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VOL. 129 | NO. 146 | Tuesday, July 29, 2014

Bartlett Ninth Grade Academy Prepares for Debut

By Bill Dries

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A group of 213 children in Bartlett who are coming out of middle school and into a new academic year and system got an introduction last week to the Bartlett school that is a bridge between their middle schools and Bartlett High.

The Bartlett Ninth Grade Academy is on the campus of what had been Shadowlawn Middle School with its own faculty and staff just for freshmen.

The academy is more than a solution to space problems at Bartlett High, which is the only high school in the new Bartlett City Schools system that debuts Aug. 4.

The academy will remain however that space problem is worked out in future school years and future school system budgets.

John McDonald, the principal of the academy, said it is a way to improve the transition to high school as well as deal with a retention rate for ninth graders that can make those students more likely to drop out of high school altogether.

“It first of all separates students from upper-class influences. It separates students from the overwhelming social pressure that is associated with having to fit into a grade structure that spans ages 14 to 18,” McDonald said. “It’s not unusual for a freshman to walk into a high school on day one and be one of 2,000 to 3,000 kids. … Potentially you walk into your first-period class in high school and you are sitting there with literally an entire class full of people you don’t know.”

The ninth-grade academies began to appear more frequently in public education in America in the early 1990s.

“They are designed for students who are first-time freshmen,” said McDonald, who is expecting 600 freshmen next week, all of them first-time freshmen with Bartlett High School having a ninth-grade class of repeating freshmen.

“Hopefully what it does is it gives them another year to sort of define or find their identity,” McDonald said of the academy. “It also basically creates a peer group. So when they walk in the door in the 10th grade, they are walking in with an established peer group.”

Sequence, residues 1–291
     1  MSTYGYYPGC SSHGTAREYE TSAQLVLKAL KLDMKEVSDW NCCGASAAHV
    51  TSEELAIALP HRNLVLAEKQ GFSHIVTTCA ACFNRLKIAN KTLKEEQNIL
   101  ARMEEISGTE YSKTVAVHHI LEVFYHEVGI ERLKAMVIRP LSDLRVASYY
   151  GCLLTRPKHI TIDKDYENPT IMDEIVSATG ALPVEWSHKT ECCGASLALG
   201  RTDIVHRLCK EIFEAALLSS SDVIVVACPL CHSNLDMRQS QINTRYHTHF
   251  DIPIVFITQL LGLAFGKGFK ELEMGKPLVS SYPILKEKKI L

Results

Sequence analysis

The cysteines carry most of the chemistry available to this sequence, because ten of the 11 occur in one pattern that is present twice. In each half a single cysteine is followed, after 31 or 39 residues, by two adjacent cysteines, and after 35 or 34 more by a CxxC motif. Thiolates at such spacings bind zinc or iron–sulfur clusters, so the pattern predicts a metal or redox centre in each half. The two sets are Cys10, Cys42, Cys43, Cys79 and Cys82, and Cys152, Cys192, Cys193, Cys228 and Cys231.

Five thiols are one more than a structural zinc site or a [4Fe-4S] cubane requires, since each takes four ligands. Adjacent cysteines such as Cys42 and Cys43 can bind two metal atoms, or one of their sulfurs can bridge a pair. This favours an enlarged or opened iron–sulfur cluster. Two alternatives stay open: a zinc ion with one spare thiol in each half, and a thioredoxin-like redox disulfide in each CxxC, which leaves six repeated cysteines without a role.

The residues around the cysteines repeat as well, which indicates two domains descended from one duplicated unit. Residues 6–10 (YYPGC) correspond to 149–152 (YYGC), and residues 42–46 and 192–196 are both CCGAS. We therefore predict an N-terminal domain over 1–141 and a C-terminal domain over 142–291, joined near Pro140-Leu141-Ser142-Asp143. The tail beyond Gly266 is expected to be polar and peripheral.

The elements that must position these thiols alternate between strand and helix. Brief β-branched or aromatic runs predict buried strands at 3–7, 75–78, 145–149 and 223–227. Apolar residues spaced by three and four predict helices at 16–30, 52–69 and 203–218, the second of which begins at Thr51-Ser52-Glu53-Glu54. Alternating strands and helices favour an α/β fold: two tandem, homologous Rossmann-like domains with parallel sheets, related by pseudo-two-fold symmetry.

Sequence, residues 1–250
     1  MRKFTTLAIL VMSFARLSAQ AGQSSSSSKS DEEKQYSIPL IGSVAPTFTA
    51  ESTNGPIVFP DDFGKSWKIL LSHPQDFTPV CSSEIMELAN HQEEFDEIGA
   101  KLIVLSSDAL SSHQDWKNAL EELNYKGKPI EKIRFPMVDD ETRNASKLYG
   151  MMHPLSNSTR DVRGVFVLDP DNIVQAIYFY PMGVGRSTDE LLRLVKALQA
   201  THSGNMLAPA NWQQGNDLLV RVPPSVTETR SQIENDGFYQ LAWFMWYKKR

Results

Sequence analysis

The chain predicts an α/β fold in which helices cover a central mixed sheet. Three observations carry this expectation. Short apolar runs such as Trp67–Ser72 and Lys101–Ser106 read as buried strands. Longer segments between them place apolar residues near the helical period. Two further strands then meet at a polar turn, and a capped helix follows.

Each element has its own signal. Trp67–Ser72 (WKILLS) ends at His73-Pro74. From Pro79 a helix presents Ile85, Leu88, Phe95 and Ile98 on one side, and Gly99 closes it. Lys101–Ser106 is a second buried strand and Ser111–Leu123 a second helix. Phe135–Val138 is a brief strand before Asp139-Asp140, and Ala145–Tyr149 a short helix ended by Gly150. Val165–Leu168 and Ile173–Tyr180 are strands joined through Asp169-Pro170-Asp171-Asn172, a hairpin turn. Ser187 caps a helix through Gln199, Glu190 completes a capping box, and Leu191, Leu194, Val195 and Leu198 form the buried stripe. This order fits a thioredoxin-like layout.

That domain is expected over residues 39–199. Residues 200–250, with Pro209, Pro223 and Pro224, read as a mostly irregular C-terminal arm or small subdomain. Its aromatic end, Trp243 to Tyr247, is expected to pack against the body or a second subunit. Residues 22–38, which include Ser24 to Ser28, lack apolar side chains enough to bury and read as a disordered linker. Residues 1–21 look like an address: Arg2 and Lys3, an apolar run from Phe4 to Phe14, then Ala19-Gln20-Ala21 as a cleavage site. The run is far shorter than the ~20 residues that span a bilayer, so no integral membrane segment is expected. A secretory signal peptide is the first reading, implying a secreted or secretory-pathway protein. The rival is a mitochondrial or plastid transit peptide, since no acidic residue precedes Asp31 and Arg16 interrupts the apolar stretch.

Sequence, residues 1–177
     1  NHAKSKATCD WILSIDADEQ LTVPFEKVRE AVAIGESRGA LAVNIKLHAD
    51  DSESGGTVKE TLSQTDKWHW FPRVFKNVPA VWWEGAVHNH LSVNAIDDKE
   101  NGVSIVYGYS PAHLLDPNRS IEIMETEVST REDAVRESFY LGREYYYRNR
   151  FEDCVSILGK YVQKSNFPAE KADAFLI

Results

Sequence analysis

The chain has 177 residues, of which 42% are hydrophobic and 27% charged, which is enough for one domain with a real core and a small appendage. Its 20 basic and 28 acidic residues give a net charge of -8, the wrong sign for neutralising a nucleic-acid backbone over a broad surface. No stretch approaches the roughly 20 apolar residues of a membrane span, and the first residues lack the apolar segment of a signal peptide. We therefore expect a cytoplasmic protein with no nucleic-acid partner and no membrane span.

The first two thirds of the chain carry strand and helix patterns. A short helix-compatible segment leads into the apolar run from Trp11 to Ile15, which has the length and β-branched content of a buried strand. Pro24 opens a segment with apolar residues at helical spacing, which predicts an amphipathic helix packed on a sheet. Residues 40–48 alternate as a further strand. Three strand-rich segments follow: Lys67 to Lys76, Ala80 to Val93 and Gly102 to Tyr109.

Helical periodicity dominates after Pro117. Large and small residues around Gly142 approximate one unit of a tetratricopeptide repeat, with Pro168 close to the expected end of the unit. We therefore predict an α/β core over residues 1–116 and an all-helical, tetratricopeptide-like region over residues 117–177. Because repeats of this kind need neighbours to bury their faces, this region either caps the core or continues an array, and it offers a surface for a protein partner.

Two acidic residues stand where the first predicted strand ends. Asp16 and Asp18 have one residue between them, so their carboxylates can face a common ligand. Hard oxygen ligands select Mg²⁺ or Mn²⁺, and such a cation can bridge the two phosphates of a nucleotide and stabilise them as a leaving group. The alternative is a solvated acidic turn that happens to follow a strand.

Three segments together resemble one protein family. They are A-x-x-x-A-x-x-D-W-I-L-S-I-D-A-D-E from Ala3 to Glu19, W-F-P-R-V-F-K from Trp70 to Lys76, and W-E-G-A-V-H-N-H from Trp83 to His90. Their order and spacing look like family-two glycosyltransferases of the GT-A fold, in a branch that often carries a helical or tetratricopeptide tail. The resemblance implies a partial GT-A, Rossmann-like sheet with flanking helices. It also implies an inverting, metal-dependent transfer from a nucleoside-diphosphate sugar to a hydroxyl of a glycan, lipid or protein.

And for the 213 ninth graders at the academy last week, there was a good dose of the Bartlett High School experience with the annual “Panther Camp” that high school chemistry teacher Laura Houston has organized for the past seven summers. It’s a reminder that high school on the Bartlett High campus is just a year away. The camp was led by upperclassmen and included school cheers, a scavenger hunt and an ice cream social.

Houston said the students are aware of the larger changes in school systems that begin with the school year, just as they were aware of the merger of the previous school year.

“I think they care at some level but kids are going to be kids,” she said. “They are going to be resilient. They are going to adjust to change. It’s we adults that know how things should run and when things don’t run so smooth, our red flags go up.”

Some parents may remember a transition to high school through junior high schools in the same building starting with grade seven.

“Today in terms of requirements by the state and federal governments, it’s really a whole different program,” said McDonald, who as a student attended a high school that had a junior high school attached. “To try to run a ninth grade in the same building as you run a seventh and eighth grade is really like running two different schools in the same building. … It’s not the ideal model.”

The academy will have the rigor of a high school and a similar schedule with six periods instead of seven and no study hall.

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